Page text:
6 Pages


In order to give an idea of the methods and to prepare for the subject of this

monograph, consider the following linear elliptic boundary value problem

u+mu = h in ; u = 0 on @ ; (1)

wherem is a nonnegative constant. The solutions of (1) are order preserving,

which means that if u

and u

are two solutions of (1) in some bounded

domain R


corresponding to the data h

and h

; respectively, then

the following property holds:



in implies u


in :

This property which immediately implies a uniqueness result is usually

called the inverse monotonicity of the operator L = + mI, and fol-

lows easily from the maximum principle. It is a key property to apply the

monotone iteration method to the nonlinear boundary value problem

u = f(u) in ; u = 0 on @ : (2)

Assuming the existence of an upper solution u and a lower solution u of

(2) such that u u; the existence of extremal solutions, i.e., least and

greatest solutions within the interval [u; u] can be proved by the monotone

iteration method, for instance, if the nonlinearity f : R ! R is continuous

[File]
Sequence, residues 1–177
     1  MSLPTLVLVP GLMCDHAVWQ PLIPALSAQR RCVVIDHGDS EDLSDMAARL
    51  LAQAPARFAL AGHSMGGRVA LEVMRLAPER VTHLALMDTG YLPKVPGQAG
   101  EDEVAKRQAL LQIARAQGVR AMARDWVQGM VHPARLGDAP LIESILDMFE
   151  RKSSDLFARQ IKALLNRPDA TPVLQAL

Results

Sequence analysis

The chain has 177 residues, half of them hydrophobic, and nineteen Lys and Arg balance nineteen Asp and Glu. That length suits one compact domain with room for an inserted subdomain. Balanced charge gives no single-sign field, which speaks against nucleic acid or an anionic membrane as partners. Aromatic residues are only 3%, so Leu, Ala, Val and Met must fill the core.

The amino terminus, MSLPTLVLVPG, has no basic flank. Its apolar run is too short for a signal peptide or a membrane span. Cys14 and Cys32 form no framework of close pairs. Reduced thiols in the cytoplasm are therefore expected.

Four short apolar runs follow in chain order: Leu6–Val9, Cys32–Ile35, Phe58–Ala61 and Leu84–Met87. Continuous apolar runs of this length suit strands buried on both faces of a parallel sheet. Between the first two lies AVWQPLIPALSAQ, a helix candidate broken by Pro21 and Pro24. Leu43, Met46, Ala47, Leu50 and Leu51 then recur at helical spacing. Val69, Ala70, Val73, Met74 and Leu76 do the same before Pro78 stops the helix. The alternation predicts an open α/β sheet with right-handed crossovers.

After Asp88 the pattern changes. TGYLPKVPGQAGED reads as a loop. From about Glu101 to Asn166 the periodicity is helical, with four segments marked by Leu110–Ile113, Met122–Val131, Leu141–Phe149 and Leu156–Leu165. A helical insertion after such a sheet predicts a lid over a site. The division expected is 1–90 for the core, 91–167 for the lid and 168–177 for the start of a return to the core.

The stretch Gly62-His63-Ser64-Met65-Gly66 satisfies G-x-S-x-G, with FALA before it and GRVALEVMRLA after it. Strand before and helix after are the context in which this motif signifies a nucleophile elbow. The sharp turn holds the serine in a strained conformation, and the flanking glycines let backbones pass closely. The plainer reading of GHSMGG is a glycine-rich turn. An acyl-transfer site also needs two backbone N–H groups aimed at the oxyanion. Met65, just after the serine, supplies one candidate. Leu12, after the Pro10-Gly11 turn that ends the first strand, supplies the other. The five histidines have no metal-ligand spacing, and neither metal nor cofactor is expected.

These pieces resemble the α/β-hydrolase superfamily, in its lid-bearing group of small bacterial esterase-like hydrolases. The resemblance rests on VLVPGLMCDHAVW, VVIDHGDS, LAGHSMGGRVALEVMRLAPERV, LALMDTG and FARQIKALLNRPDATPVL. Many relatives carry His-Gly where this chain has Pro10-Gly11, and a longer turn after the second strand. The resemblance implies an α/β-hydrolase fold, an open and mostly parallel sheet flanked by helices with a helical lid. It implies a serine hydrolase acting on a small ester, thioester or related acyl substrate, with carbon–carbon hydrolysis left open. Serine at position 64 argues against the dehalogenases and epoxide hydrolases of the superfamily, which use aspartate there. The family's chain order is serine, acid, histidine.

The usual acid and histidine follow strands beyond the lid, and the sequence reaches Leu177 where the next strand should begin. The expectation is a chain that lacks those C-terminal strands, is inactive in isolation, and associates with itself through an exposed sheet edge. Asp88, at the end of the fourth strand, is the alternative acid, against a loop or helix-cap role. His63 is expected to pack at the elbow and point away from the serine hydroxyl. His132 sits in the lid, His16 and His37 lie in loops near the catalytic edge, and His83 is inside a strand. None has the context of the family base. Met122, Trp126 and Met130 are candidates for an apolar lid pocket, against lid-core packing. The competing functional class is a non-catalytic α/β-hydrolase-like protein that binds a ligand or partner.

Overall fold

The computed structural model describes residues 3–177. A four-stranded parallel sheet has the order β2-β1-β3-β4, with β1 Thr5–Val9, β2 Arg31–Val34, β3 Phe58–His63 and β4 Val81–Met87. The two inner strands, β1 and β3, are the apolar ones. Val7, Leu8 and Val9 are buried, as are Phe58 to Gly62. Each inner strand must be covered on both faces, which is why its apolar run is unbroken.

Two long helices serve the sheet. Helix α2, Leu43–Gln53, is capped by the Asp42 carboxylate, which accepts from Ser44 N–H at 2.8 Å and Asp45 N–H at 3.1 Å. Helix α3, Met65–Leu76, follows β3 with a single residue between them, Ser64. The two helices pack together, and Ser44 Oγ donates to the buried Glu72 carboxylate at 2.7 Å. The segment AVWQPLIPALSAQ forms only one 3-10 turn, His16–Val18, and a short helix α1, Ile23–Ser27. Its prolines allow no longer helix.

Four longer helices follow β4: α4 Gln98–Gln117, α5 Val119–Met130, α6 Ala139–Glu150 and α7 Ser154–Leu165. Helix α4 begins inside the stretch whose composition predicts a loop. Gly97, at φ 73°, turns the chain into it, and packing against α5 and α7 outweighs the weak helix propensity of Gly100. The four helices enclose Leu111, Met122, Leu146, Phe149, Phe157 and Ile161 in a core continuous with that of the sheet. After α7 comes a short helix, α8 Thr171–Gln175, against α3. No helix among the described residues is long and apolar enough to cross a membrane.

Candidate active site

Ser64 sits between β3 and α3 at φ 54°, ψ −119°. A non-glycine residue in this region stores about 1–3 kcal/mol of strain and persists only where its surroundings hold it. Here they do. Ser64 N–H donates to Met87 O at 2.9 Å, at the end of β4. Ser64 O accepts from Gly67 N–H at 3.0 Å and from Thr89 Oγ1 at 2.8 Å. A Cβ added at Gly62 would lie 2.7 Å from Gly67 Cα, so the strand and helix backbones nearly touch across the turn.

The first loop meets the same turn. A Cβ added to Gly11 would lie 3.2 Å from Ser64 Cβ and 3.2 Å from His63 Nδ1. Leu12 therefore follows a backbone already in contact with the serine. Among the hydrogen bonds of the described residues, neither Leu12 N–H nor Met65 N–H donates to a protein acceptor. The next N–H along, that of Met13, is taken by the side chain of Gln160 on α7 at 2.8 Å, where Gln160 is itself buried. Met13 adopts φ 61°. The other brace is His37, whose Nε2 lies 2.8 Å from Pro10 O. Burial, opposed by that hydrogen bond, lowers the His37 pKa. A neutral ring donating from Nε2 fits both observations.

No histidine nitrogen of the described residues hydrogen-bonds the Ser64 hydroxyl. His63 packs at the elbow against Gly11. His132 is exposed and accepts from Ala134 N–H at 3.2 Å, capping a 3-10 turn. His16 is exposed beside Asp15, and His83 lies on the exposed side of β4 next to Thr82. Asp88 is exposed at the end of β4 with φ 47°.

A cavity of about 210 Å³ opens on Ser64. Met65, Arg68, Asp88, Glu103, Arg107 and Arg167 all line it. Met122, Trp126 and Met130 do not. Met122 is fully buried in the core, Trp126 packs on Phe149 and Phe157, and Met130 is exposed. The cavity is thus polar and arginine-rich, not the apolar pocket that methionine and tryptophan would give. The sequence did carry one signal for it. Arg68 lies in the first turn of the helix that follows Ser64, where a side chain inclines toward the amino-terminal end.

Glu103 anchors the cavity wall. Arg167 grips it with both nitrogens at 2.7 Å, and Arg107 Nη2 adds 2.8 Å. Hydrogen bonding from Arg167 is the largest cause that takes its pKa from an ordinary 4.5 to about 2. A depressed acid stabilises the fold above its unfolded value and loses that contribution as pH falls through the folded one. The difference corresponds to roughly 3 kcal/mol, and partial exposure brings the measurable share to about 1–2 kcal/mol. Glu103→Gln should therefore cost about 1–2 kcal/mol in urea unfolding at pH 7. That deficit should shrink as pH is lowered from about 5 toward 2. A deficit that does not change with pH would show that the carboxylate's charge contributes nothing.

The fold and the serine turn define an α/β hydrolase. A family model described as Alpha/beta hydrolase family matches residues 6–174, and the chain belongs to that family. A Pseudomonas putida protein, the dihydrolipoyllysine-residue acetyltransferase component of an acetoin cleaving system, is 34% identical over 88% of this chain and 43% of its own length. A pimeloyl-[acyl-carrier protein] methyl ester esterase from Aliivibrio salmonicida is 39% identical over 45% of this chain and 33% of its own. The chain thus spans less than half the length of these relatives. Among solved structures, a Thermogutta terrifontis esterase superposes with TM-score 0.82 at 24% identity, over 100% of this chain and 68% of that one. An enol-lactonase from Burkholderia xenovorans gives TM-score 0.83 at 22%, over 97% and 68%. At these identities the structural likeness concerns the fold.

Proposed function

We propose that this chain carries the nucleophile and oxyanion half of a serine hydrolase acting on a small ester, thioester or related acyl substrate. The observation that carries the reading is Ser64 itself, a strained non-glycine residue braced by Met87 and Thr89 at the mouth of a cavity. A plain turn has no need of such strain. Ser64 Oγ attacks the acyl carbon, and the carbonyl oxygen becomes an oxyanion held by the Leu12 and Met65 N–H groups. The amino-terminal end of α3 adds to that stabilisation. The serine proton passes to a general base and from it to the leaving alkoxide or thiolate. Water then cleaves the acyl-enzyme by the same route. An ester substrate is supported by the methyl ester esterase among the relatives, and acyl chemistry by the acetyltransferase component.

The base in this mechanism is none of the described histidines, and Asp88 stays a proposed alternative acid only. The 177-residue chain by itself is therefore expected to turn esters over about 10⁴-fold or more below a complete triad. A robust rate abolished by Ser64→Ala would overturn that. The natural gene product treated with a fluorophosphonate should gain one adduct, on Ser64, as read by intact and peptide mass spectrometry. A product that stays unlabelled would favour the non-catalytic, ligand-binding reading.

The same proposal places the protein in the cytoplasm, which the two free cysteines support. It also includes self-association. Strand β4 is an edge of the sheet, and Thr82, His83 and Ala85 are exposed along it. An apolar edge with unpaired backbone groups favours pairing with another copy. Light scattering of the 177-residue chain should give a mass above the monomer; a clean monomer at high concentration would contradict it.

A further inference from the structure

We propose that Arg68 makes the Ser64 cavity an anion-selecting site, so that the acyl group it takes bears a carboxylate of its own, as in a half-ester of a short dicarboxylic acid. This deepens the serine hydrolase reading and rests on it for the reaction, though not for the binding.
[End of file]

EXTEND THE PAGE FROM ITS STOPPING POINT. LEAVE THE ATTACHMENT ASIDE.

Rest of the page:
and satises a one-sided Lipschitz condition


) f(s

) m(s


); s


: (3)

The monotone iterative technique combined with the upper and lower

solution method has widely been used as a powerful tool to get construc-

tive existence results for dierent kind of problems for both ordinary and

partial dierential equations, cf. [165, 189]. By means of a generalized it-

eration principle this technique has been extended in the monograph [141]

to deal with discontinuous dierential equations, such as problem (2) with

a nonlinearity f satisfying (3) but which need not be continuous. This

was possible, since due to the inverse monotonicity of the elliptic opera-

tor + mI problem (2) can be reformulated as a xed point equation

u = Gu with an increasing (not necessarily continuous) xed point opera-

tor G = (+mI)

(F +mI); where F denotes the Nemytskij operator

related with f: Many dierential operators occurring in models of real phe-

nomena are inverse monotone.